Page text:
The Daily Tar Heel

Serving the students and the University community since 1893

Friday February 3rd

Beyond Jesse: Where Do We Go From Here?

Without our right-wing leader, how will we maintain our post-Civil War mentality? Folks, your reputation as an N.C. voter is at stake. Who will preserve our 30-year voting tradition as racist, sexist, uneducated nationalists who tote guns alongside Bibles?

However, we mustn't worry about what the nation thinks of us at times like these. Instead we should celebrate Jesse's fine accomplishments with genuine farcical accolades and kudos.

Sen. Helms will be deeply missed here in Chapel Hill. After all, it was he who once praised UNC students with his overtly Southern charm.

When officials searched for the state zoological site, Helms suggested putting a fence around Chapel Hill and charging admission.

That fence would have been a nice addition to our stone walls. Next time you refer to a fellow Tar Heel as a dog, just remember we could've put them on exhibit, even made a little cash.

As a lovely reminder of Chapel Hill's longstanding relationship with Helms, check out Fodor's description of UNC and the town -- we're immortalized as a bunch of animals. Damn shame we lost that zoo to Asheboro.

For some, the name Jesse Helms brings one word to mind -- sex. Helms has a strong, hard record when it comes to sex.

In 1996 Helms raised hell over International Planned Parenthood Foundation's efforts to teach Haitians about population control (read: condoms). Think he halted the program because of his staunch pro-life views? No, not this time. In a letter to then Secretary of State Madeline Albright, he demanded an end to funding "any group whose programs include producing material intended to be used in a voodoo ceremony."

That's right, voodoo.

See, Planned Parenthood spread its safe sex message at voodoo ceremonies through song-prayers about STDs. Helms called it "witchcraft." Well, all the witches down in Haiti wanted to give a shout out to Sen. Helms: Thanks for syphilis, herpes, and a few illegitimate witches roaming around hexing people.

How else does Helms naturally evoke thoughts of sex? Believe me, it's not his almost 80-year-old hoary looks, topped off with thick bifocals -- but his take on AIDS. Actually, his non-take on AIDS.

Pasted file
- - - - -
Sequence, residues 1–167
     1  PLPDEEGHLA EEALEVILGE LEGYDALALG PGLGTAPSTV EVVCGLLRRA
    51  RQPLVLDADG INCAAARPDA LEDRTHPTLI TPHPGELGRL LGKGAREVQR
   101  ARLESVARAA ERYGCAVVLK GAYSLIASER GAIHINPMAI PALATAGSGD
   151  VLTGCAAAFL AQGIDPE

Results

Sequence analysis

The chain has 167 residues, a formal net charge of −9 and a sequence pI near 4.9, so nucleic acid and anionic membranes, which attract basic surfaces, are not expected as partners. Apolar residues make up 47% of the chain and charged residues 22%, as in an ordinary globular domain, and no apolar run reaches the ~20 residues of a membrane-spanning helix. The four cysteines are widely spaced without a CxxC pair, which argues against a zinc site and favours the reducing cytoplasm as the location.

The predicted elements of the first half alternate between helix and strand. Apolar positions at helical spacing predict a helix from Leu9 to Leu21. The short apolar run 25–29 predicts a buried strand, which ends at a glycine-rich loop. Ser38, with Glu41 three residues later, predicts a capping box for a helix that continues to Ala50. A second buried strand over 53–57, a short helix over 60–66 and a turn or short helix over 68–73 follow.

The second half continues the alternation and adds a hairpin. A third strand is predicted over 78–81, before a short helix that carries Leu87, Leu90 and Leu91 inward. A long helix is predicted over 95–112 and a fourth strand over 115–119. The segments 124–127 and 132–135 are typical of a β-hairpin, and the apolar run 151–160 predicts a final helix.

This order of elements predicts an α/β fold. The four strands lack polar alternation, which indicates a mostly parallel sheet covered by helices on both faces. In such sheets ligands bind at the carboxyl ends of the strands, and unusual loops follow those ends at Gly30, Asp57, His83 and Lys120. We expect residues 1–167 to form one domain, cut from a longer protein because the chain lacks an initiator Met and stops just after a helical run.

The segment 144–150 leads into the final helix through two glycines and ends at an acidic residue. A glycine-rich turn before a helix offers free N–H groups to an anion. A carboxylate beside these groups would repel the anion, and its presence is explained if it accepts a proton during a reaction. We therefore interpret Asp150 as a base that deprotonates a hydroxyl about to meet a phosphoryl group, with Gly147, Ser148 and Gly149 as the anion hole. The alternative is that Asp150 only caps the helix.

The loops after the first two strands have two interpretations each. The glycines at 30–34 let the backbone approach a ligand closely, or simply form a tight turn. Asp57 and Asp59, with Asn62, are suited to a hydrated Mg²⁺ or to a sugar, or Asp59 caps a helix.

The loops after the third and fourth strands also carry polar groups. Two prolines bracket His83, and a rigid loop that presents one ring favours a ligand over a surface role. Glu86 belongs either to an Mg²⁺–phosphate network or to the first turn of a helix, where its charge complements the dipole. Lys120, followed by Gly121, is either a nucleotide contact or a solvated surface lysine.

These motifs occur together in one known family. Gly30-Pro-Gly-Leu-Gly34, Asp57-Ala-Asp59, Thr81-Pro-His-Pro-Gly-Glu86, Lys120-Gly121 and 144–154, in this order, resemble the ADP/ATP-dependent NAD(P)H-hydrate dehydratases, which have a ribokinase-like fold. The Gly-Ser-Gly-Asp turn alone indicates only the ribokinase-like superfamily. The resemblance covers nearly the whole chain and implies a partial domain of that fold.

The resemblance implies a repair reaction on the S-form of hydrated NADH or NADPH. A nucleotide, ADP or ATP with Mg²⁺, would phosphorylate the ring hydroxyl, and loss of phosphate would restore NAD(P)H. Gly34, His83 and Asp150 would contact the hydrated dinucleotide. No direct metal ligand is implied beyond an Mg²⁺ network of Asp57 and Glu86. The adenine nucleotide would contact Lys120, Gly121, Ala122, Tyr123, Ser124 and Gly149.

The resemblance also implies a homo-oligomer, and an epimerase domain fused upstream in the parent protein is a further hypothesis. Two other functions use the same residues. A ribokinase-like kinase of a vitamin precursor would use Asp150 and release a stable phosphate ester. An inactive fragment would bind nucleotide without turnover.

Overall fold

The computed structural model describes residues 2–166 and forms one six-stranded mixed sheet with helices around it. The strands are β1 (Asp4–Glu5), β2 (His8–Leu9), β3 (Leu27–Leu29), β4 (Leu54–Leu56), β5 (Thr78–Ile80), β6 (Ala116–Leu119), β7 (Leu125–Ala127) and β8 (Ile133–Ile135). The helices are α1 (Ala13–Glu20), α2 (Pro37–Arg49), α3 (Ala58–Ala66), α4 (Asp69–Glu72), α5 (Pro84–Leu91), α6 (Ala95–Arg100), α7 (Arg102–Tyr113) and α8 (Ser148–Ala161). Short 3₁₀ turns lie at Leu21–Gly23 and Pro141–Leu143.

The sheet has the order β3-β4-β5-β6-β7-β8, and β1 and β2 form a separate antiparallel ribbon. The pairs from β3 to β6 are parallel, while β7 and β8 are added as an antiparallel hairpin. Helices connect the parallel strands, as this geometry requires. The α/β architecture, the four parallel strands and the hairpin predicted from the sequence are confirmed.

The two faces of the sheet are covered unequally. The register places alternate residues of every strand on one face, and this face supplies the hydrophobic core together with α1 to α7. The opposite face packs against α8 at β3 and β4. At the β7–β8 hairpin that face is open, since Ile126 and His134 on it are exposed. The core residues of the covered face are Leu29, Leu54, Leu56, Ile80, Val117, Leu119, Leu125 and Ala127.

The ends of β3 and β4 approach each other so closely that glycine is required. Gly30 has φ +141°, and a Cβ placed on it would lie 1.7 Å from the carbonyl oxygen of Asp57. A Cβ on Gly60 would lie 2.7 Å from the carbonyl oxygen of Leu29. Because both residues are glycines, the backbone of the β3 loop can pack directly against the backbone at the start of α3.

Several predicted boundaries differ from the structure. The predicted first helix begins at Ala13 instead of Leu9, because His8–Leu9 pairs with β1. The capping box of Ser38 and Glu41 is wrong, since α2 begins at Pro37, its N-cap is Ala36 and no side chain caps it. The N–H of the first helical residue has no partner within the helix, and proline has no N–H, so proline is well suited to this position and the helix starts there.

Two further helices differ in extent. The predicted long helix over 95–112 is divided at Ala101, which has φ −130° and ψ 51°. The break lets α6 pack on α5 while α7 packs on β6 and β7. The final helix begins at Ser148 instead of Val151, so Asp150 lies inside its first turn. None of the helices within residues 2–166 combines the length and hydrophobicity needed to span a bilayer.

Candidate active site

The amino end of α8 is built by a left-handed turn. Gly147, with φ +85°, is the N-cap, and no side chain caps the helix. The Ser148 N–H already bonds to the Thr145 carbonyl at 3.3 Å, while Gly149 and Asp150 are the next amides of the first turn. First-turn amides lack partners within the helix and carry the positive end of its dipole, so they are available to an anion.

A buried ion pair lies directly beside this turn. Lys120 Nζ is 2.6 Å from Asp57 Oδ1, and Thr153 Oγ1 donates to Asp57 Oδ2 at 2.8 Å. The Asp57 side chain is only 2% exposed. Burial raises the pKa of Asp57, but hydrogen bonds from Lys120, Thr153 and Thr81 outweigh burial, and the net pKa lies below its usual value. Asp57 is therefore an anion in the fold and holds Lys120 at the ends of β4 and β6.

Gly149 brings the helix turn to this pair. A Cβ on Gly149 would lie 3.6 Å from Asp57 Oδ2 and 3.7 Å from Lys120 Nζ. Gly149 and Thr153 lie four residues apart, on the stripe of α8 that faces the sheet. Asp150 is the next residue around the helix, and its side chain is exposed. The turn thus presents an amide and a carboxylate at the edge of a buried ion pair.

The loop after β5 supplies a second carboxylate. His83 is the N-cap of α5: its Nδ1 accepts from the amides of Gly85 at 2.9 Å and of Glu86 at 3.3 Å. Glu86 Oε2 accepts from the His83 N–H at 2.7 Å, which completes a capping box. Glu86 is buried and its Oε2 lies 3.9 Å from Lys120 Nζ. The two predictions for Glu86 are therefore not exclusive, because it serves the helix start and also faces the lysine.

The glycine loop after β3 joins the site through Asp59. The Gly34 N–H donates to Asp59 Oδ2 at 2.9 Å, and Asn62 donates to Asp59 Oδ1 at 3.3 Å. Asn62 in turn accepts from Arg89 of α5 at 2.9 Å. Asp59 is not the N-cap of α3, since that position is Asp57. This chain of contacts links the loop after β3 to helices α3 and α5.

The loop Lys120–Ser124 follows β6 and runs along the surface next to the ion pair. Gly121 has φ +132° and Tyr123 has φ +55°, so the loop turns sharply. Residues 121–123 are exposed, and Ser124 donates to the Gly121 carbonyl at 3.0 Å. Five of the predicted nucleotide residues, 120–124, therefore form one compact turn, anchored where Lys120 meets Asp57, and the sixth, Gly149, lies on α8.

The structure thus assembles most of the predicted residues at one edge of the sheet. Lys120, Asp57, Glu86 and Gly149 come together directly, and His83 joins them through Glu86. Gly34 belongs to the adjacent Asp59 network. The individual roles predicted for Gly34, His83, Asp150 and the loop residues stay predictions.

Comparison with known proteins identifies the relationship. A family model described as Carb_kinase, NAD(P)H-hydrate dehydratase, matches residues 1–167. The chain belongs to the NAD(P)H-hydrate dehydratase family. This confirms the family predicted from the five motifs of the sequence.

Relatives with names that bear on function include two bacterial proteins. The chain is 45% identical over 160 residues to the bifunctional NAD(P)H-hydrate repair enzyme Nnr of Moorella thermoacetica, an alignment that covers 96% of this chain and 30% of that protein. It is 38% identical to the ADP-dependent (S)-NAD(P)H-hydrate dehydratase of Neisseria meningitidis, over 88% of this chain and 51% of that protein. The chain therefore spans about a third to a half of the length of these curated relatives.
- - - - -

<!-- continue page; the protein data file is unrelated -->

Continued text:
"We've got to have some common sense about a disease transmitted by people deliberately engaging in unnatural acts," Jesse told the New York Times in 1995. Right, because in Helms' world, AIDS is just a "gay thing." Too bad in the real world, drug users and heterosexuals make up the majority of people living with AIDS. Helms' so-called `common sense' led to limited sex education, but we all know a few condoms in high school can help prevent the spread of HIV/AIDS.

Sen. Helms is retiring from a Capitol Hill era riddled with scandal, rule-breaking and law-bending. But he'll leave his own legacy behind. Whistling "Dixie" down the Senate halls makes him seem like a Southern gentleman compared to his past activities.

In 1985, a Helms official attempted to acquire The Pioneer Fund, a controversial research foundation studying "racial betterment." Scientists at the Pioneer Fund were out to prove that blacks were genetically inferior to whites.

More recently, Helms refused to integrate the all-white Fourth Circuit Court of Appeals. Several black judges from North Carolina were nominated to the court, but none received hearings. So Helms will leave it the way he found it -- lily white.

Some argue Helms faded in recent years, but I have to hand it to him -- he's still got it. The old man managed to piss off George W. by holding up some nominations in order to gain favorable trade regulations for North Carolina textiles. Apparently he could annoy Republicans and Democrats alike.

With Helms' pending homecoming, he should kick back and do what all retirees do -- visit the zoo. The animals will be waiting.

Rachel Hockfield is a junior political science major from Charlotte. Nominate her for the first underage Senator at rachel@email.unc.edu.

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